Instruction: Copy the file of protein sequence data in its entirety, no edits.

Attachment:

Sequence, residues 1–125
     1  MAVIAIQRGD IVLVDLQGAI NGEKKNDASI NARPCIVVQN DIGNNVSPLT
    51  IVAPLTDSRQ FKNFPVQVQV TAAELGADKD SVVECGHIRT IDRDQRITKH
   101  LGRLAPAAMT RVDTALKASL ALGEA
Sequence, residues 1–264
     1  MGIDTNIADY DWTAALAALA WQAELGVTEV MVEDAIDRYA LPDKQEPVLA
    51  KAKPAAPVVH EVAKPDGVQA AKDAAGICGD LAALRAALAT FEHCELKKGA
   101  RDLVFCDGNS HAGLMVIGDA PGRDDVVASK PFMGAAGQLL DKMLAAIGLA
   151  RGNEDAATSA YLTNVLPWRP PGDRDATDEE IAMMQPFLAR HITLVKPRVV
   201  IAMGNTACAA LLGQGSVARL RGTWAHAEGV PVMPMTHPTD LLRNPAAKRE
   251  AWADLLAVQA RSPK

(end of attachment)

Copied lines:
Sequence, residues 1–125
     1  MAVIAIQRGD IVLVDLQGAI NGEKKNDASI NARPCIVVQN DIGNNVSPLT
    51  IVAPLTDSRQ FKNFPVQVQV TAAELGADKD SVVECGHIRT IDRDQRITKH
   101  LGRLAPAAMT RVDTALKASL ALGEA
Sequence, residues 1–264
     1  MGIDTNIADY DWTAALAALA WQAELGVTEV MVEDAIDRYA LPDKQEPVLA
    51  KAKPAAPVVH EVAKPDGVQA AKDAAGICGD LAALRAALAT FEHCELKKGA
   101  RDLVFCDGNS HAGLMVIGDA PGRDDVVASK PFMGAAGQLL DKMLAAIGLA
   151  RGNEDAATSA YLTNVLPWRP PGDRDATDEE IAMMQPFLAR HITLVKPRVV
   201  IAMGNTACAA LLGQGSVARL RGTWAHAEGV PVMPMTHPTD LLRNPAAKRE
   251  AWADLLAVQA RSPK